This third KS3 Geography quiz takes a final look at earthquakes and volcanoes. Volcanoes come in many different shapes and sizes. Some of them are steep-sided and conical. Others have a flatter and wider profile. It all depends on the type of lava that they erupt. Volcanoes that erupt runny lavas form the flatter and wider type. These are called shield volcanoes.
Good examples of shield volcanoes are the ones that make up the Hawaiian Islands in the Pacific Ocean. Volcanoes with very thick lava form the type with the steeper sides. These also tend to have explosive eruptions that send pyroclastic flows racing down from the top. These are very destructive. A good example of this type is Mount St. Helens in the USA.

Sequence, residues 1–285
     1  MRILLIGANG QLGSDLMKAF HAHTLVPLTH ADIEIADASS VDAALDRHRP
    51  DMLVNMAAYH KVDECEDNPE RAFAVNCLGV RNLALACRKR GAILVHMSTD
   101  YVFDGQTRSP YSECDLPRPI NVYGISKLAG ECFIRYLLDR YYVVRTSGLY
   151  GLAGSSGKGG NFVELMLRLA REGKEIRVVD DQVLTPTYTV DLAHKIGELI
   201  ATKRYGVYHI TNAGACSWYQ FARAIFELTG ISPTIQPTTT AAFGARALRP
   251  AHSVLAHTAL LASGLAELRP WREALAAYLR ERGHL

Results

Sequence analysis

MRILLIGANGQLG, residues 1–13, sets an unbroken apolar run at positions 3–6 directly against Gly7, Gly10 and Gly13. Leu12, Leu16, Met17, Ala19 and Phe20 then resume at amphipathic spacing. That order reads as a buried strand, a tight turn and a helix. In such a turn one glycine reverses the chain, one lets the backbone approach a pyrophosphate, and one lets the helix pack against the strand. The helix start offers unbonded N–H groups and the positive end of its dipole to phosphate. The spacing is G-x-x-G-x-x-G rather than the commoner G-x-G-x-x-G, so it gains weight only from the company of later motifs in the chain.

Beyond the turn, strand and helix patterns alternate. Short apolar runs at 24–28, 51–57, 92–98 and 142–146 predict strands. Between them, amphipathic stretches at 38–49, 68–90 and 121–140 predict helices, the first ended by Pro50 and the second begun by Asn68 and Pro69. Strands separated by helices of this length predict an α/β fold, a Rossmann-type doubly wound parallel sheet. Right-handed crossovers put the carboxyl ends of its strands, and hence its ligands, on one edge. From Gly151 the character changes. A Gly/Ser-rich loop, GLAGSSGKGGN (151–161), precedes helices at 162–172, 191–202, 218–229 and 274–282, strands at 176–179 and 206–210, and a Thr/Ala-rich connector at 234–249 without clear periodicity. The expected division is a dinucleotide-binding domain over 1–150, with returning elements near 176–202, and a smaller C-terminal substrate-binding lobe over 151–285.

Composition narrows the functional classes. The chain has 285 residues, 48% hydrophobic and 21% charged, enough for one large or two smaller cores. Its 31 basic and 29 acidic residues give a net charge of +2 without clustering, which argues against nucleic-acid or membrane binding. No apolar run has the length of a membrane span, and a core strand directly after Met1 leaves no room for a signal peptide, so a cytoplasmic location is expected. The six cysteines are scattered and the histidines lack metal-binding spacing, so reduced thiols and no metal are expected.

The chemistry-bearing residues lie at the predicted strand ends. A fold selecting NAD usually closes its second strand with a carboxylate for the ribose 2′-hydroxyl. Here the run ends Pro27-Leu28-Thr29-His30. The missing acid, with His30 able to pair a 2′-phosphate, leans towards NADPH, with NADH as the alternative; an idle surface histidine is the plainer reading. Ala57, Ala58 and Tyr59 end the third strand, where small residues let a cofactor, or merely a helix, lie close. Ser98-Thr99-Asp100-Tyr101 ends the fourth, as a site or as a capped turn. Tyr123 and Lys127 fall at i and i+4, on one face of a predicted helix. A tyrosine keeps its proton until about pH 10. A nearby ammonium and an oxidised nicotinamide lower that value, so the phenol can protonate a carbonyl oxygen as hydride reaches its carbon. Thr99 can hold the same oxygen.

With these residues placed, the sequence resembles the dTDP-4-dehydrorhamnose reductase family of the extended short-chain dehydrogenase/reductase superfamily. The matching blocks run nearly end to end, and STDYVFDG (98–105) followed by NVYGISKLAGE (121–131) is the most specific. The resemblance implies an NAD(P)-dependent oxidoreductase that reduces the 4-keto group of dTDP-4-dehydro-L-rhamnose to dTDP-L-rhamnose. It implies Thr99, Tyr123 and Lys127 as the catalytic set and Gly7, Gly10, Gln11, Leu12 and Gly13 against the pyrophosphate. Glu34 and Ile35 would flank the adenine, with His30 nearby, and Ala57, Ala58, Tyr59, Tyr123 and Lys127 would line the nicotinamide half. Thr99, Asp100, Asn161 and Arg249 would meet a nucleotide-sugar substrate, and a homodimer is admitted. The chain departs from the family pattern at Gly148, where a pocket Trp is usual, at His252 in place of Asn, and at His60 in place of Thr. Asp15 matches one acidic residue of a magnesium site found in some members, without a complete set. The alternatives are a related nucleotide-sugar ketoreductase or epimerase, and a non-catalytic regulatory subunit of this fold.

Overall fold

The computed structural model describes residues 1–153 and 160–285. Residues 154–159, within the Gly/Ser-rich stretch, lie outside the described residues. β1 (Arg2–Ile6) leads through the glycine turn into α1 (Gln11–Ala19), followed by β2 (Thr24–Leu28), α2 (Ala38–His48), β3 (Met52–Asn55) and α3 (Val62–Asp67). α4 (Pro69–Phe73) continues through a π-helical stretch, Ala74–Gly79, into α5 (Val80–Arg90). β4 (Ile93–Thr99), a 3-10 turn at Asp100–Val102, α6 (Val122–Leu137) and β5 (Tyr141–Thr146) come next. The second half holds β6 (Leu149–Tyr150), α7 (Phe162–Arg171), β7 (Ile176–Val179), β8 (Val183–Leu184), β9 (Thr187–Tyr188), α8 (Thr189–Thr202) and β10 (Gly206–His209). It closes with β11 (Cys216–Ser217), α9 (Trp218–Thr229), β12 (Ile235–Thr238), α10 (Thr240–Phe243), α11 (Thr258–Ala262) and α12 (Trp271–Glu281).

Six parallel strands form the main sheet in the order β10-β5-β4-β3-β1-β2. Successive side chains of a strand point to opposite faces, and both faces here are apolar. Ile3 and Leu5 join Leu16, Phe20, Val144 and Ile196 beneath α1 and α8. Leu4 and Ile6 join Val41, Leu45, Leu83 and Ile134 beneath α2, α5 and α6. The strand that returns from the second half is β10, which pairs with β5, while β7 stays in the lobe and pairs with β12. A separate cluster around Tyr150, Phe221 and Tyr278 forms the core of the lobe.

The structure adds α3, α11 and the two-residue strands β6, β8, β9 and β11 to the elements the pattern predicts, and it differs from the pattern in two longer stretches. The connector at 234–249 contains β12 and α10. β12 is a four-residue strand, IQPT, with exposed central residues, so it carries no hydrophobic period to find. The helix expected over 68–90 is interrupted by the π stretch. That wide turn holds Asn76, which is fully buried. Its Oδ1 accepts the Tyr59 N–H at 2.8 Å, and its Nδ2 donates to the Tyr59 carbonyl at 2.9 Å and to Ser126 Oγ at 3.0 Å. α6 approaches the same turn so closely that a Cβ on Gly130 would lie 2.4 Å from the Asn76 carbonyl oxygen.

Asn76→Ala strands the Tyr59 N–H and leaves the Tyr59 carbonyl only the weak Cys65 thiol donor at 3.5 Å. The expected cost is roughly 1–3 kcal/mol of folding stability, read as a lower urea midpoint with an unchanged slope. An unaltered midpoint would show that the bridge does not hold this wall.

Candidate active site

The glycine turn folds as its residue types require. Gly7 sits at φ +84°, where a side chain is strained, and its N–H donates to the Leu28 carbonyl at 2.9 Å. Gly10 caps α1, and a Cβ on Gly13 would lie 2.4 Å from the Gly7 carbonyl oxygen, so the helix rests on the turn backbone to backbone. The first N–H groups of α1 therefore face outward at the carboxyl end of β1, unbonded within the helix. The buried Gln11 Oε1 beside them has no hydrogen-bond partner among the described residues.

Most volcanoes occur at the edges of the tectonic plates (places known as plate boundaries). There are three types of plate boundary - constructive, conservative and destructive. As well as volcanoes, you get earthquakes at plate boundaries. As the plates move, the rocks get stuck together but the plates continue to move. When the pressure builds up to a certain level, the rocks that are stuck will break and that part of the plate will suddenly move a distance of several metres. This releases a lot of energy and the point at which it happens is called the focus of the earthquake.
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